Me: “Hi, I’m calling to ask that these fees be removed from my account.”
Bank Teller: “Okay let me pull up your account….hmmm, I see. Yes, it looks like we can’t remove those charges unfortunately.”
Me: “Well I wasn’t aware that there was a minimum account balance and even though I should have paid closer attention, I didn’t realize that these fees were accruing so I’d like them to be removed.”
Bank Teller: “I understand sir, but unfortunately that’s not something we’re able to do.”
I asked to speak with the manager, who then came on the line and repeated what the bank teller had previously told me. I then said something along the lines of:
“If these fees can’t be removed then I’d like to go ahead and terminate my account.”
After a couple seconds of awkward silence the manager then said: “Oh, it looks like we are able to remove those fees after all. We’ll get that sorted out for you right away.”
A ten-minute phone call and my willingness to ask for a refund helped me keep an additional $100 in my pocket that day.
I work with a guy who knows more about computer programming than anyone I’ve met in my life. Whenever I run into problems or find myself stuck on a difficult piece of code and can’t seem to find the solution through Google, I shoot this guy a message. He’s always happy to help me out and I find that the more time I spend around him, the more I learn at a quicker pace.
By being willing to humble myself and ask for help from someone who has more knowledge and experience than myself, I’m able to boost my pace of learning and improve my skill set at a much quicker rate than if I had too much of an ego to ask for help.
Reader Responses: The Benefits of Asking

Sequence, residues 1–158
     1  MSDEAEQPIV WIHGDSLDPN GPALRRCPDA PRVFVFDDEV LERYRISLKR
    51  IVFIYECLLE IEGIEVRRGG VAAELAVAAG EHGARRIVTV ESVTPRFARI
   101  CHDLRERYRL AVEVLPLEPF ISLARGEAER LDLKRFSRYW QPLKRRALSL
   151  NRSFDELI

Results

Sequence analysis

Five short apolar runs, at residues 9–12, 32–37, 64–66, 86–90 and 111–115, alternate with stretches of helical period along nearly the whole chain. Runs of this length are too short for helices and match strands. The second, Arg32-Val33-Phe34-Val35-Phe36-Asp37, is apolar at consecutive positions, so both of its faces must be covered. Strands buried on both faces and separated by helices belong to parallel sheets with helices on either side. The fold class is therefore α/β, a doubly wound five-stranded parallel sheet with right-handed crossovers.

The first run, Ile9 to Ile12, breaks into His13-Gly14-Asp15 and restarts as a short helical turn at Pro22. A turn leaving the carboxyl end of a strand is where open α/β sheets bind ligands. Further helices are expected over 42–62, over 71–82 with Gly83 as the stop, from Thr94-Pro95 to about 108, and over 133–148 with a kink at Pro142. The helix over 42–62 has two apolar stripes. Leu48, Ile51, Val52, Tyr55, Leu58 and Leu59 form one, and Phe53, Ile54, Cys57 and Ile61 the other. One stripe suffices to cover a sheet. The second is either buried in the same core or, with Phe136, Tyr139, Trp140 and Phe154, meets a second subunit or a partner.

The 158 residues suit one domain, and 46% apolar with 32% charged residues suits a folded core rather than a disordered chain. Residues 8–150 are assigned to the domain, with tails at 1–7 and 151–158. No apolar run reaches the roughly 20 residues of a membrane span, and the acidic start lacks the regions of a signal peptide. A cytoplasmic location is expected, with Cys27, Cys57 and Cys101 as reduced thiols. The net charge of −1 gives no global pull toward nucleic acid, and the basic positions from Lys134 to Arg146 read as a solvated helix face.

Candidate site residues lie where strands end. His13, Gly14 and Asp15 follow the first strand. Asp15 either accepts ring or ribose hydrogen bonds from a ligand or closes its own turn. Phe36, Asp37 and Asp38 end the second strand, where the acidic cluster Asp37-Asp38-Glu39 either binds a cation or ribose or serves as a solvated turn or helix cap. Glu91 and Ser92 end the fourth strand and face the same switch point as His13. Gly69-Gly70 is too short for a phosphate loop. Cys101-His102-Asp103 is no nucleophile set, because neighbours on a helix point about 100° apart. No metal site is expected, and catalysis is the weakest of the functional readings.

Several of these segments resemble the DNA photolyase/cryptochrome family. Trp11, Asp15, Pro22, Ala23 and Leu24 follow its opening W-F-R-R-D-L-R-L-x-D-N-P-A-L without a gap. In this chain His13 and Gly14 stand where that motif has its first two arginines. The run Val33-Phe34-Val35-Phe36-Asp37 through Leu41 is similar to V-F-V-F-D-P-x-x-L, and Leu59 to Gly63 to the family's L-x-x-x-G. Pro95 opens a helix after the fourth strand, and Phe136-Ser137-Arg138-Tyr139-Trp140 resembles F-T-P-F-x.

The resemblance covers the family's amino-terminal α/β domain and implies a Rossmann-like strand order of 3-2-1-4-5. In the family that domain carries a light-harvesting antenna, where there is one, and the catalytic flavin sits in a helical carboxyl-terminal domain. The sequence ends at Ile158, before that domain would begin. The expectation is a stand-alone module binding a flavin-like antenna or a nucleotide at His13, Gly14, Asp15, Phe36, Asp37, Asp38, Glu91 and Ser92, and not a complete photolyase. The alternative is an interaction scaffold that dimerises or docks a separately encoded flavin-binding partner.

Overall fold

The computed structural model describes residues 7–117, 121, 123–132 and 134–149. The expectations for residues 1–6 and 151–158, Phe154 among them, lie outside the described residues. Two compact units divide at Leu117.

I sent out a tweet asking for people to provide examples of times when they benefited from asking for something:
The responses came pouring in:
I love how many diverse responses I received to this tweet. The benefits of asking apply to many domains – travel reimbursement, pay raises, promotions, reductions in bills, landing new clients, attending conferences for free, and the list goes on.
These examples all illustrate the same point: if you want something, you should just ask!
If you want something, then ask for it. Whether it’s a lower price on a car, a refund from a bank, a cheaper monthly rate on your bill phone, a promotion at work, more vacation time, or help from a coworker, you have to ask for what you want in order to get it.
If you ask for something and receive a “no” in response, then you’re in the same position you’re already in anyway. If, however, you receive a “yes” in response then you’ll likely be better off in some way.
Remember, it’s about success count, not success rate. The person who asks for ten things and only gets one is better off than the person who asks for nothing at all.
- My 2020 Annual Review - December 27, 2020
- Be an Owner - November 25, 2020
- What if You Only Bought Stocks After the Market Had a Down Year? - November 4, 2020
Full Disclosure: Nothing on this site should ever be considered to be advice, research or an invitation to buy or sell any securities, please see my Terms & Conditions page for a full disclaimer.